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Former managers of Vatican bank ordered to pay damages

VATICAN (CNS): A Vatican court found Paolo Cipriani, the former director of the Institute for the Works of Religion (IOR)—better known as the Vatican Bank, and Massimo Tulli, the bank’s former deputy director, liable for mismanagement on February 6, and ordered an injunction for them to pay damages.
The amount sought was not specified. However, the Italian news agency ANSA said the damages the bank incurred totalled about 47 million euro (about $449 million).
Cipriani and Tulli had offered their resignations “in the best interest of the institute and the Holy See” in July 2013.
The court’s sentence stems from “a civil liability action started by IOR in September 2014 supported by a comprehensive review of financial investments made by IOR before mid-2013,” the bank said in a written statement.
In February 2017, an Italian tribunal in Rome found Cipriani and Tulli guilty of violating norms against money laundering and both men were given four-month prison sentences.
Meanwhile, the Vatican Bank, said the sentence confirms its intent “to pursue by judicial proceedings any misconduct carried out to its detriment, no matter where and by whom.”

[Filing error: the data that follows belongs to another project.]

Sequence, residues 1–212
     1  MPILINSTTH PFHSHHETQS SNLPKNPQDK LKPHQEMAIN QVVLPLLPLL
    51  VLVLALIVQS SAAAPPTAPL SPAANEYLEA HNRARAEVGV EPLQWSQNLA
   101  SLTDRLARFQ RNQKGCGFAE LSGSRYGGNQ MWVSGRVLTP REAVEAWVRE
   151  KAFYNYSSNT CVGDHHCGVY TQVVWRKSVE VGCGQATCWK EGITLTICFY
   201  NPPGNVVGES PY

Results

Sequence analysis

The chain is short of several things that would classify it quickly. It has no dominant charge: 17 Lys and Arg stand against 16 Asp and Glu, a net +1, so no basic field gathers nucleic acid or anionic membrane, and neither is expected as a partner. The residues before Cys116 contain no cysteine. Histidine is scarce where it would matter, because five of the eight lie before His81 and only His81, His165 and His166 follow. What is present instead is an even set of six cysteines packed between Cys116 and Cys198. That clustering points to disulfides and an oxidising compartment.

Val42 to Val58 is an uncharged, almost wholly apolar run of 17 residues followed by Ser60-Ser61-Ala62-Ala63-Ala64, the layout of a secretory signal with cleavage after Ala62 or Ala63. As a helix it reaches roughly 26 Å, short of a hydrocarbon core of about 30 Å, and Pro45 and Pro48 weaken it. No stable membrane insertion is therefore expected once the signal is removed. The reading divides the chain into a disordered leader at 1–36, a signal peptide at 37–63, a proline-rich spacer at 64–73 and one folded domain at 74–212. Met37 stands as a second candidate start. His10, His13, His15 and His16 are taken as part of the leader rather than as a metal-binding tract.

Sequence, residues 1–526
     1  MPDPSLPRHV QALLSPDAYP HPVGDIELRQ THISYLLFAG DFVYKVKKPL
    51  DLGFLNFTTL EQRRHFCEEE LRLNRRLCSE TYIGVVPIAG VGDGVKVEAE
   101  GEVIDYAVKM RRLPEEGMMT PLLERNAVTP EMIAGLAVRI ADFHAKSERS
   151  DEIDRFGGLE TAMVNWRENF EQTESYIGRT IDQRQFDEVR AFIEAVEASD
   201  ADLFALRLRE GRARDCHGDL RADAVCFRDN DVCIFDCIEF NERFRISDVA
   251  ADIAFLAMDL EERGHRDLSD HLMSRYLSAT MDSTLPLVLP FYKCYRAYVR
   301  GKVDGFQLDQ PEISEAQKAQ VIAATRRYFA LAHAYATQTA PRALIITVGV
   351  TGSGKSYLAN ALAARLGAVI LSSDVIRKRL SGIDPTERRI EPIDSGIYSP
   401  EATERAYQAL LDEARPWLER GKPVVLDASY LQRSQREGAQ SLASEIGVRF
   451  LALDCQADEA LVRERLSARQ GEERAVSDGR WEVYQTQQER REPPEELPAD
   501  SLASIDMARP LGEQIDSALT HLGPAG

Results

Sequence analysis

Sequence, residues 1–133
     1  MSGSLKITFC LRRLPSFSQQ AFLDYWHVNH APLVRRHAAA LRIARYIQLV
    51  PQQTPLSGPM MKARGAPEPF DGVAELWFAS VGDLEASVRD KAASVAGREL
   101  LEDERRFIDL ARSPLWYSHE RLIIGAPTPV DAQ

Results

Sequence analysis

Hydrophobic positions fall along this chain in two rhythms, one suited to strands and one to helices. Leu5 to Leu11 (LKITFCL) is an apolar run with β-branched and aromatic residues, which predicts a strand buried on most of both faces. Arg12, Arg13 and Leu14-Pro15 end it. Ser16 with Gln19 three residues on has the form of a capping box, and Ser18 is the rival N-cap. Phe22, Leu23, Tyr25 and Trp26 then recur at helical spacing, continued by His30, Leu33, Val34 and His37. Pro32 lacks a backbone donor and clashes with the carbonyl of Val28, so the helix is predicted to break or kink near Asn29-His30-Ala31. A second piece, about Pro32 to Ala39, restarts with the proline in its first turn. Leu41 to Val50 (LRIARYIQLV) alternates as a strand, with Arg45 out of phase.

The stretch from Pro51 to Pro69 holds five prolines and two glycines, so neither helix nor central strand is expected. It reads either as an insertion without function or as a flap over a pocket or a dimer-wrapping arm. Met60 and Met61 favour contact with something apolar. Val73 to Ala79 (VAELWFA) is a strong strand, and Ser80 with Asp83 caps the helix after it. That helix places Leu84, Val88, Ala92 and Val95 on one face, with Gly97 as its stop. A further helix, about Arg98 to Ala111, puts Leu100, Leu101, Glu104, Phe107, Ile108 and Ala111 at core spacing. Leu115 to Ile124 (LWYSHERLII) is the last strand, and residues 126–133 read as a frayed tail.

In its regular reviews of the Vatican Bank’s efforts to fight money laundering and financing terrorism, the Council of Europe’s Moneyval committee has praised the bank’s efforts in establishing international standards and tougher norms. However, it repeatedly noted the difficulty in judging how effective those new laws were, given the lack of prosecutions and convictions concerning finance-related crimes.
The most recent Moneyval report in December 2017, said the Vatican’s oversight agency, the Financial Information Authority, “seemed to be working efficiently,” but while the Vatican court had frozen the assets of several accounts at the Vatican bank, “the Holy See had still not brought a money-laundering case to court.”

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